The first page shows the board layout without the back-side ground fill.  The second page shows the fill (the individual wires are a mite difficult to see through the rivers of purple).

Just routing this board was an adventure.  When I first laid it out, I naively let the autorouter do the whole thing.  It routed every trace, which was great, but it picked some mindbendingly roundabout paths for some of the signals.  I knew I'd go insane if I tried to route the whole thing, so instead I hand-routed the traces I cared about (primarily the A0-7, B0-7, R0-7, and control lines) and let the auto-router take care of the rest.  Eagle doesn't seem to go quite so crazy when you only give it short wires to route.  Unfortunately, it wasn't able to route the entire board -- there's one signal left, so I'll have to solder a jumper wire to complete the circuit.

When I made the Front Panel, I was a little conservative with the silkscreening.  This time, I went in the other direction.  Waaaay too far in the other direction.  I added silkscreen labels to everything that wasn't moving, and also labeled some things that were just moving slowly.  The chips that calculate the individual bits are labeled.  The control bits are labeled.  The pads on the edge connector are labeled.  Every IC has a label which will be (gasp) still visible when the socket is installed (I learned this the hard way with the Front Panel).  I'm sure there's something I forgot to label, but I should be in much better shape with this board.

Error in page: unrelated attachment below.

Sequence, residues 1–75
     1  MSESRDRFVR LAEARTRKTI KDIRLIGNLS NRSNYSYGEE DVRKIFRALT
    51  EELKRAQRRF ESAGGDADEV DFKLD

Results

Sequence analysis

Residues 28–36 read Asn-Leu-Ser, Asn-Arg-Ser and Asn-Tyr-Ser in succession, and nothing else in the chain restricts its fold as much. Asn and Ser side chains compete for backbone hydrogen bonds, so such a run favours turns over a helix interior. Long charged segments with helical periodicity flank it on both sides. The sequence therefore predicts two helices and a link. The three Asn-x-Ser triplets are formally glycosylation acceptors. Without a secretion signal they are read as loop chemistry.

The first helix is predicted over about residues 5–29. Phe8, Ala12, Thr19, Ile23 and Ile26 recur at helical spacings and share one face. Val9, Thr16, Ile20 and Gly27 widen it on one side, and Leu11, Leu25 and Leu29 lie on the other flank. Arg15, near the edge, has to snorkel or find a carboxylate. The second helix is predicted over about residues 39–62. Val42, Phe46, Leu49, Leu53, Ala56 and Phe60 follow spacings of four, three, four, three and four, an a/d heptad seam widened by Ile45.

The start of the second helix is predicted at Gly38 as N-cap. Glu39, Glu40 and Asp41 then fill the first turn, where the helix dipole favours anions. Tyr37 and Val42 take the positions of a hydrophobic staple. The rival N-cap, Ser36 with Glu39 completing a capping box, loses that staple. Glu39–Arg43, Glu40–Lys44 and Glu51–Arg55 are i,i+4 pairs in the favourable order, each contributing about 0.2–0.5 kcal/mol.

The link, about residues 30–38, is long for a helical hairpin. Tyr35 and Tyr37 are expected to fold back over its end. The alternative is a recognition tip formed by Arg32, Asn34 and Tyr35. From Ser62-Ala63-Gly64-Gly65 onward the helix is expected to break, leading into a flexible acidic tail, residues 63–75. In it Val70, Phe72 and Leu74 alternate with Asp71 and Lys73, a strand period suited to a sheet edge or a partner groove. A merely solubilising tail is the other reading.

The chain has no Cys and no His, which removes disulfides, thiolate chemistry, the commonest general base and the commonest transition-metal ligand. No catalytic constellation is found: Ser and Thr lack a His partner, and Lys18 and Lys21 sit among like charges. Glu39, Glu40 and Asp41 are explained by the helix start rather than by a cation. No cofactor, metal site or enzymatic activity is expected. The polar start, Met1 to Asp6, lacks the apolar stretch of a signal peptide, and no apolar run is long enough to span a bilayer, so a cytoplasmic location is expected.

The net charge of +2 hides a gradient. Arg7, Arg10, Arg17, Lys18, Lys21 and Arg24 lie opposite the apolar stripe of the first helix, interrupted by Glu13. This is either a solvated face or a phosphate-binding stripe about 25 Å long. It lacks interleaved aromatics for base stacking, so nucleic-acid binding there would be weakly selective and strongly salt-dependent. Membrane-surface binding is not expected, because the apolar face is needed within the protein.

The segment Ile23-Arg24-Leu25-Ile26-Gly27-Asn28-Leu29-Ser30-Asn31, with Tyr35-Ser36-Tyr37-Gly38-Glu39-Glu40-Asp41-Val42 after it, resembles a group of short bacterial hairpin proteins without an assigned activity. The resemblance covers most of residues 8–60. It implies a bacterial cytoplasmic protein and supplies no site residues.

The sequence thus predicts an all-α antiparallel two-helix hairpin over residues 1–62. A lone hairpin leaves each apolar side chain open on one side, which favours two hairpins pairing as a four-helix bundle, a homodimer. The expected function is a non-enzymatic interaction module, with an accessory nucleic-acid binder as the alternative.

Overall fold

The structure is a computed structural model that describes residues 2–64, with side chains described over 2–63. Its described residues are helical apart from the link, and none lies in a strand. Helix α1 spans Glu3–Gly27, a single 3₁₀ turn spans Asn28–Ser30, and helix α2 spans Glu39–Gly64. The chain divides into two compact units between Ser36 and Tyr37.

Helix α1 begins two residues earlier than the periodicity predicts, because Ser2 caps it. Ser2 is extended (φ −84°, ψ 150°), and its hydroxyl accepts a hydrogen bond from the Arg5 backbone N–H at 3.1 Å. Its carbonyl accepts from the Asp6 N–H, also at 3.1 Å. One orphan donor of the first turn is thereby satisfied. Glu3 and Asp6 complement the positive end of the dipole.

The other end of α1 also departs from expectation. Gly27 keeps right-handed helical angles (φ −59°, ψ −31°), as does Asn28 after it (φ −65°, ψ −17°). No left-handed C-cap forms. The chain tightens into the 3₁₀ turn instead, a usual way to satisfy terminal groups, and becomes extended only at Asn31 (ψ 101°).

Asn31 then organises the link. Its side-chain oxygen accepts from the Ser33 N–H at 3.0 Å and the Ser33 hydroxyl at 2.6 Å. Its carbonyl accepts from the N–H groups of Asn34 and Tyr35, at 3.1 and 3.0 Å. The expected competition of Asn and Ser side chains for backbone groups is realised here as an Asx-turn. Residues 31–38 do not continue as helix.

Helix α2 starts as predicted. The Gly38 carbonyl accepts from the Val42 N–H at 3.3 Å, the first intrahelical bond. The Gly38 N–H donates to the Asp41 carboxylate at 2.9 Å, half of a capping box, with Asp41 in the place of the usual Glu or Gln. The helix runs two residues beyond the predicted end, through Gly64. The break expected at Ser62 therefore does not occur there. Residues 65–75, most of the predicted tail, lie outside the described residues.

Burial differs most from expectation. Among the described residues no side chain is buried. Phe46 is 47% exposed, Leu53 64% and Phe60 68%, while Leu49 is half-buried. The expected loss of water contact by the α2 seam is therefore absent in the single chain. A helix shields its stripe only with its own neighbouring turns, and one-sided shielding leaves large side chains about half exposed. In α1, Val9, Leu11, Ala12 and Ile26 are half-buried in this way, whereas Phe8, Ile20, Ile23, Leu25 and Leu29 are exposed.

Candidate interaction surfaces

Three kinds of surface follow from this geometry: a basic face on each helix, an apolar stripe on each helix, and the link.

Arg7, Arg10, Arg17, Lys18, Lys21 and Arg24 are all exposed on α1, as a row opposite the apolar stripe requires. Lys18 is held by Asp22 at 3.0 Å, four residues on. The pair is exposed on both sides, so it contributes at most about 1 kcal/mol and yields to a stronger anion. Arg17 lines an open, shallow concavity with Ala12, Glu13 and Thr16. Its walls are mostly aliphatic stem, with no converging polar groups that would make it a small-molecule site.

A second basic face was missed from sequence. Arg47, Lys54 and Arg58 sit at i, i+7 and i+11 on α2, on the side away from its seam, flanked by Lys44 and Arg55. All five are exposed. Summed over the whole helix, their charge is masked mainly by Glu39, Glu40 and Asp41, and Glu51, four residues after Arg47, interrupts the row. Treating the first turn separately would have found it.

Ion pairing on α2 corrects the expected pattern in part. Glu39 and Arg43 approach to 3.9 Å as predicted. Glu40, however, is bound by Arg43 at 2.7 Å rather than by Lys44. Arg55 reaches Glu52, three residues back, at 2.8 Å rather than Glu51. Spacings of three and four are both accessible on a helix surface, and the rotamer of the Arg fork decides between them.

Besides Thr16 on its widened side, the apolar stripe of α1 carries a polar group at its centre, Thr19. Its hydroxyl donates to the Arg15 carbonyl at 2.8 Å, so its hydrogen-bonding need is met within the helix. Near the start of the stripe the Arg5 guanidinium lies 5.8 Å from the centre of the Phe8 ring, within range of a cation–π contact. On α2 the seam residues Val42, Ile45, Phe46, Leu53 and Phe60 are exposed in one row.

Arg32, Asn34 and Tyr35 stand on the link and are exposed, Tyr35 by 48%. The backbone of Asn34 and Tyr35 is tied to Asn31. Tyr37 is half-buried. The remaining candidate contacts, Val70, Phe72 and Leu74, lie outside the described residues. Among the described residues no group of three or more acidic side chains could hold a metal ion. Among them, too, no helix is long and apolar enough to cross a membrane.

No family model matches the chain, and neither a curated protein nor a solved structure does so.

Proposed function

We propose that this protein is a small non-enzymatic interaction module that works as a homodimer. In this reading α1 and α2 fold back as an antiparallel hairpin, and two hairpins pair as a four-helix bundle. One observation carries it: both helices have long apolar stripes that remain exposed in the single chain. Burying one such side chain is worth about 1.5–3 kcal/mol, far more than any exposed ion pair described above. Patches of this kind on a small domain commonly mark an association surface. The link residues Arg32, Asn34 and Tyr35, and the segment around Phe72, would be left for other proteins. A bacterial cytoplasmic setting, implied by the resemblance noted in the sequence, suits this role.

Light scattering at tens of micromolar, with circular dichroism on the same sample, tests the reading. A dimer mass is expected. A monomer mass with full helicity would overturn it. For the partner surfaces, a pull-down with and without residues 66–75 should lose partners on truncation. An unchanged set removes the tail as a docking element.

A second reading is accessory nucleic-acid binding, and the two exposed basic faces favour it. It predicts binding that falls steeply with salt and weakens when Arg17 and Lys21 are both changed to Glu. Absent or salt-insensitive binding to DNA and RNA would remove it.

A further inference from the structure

At the suggestion of a coworker, I made some space in the bottom right of the board for a single 16-pin DIP just in case.  Just in case what, I don't know yet, but I'm sure it'll be nice to have a place to put a chip if I need it.

Why is there an edge connector on the board?  This board will be but one component of my microprocessor.  The control logic will live on a backplane board, and individual subsystem boards will plug into it via ISA sockets.  I'm not using the ISA bus -- just the physical sockets.  There won't be any bus at all, as a matter of fact.  I'm simply breaking the microprocessor up into several boards so that a) I can develop them separately and b) I can work with them in Eagle without having to shell out $1600 for the professional version.

Lessons Learned

The Front Panel as originally designed has 27 output pins (numbered 0-26) and 8 input pins (numbered 100-107).  Output pins 0-23 use 74595 serial-to-parallel latches (which are in turn connected to the Front Panel's microcontroller), while pins 24-26 are connected directly to the microcontroller.  Input pins 100-107 connect to the microcontroller via a 74165 parallel-to-serial latch.  This configuration worked when I was testing ALU bits 0-7, but came up short when I added the four condition codes (zero, negative, overflow, and carry).  Negative is the same as R7, so I needed to find three extra input pins.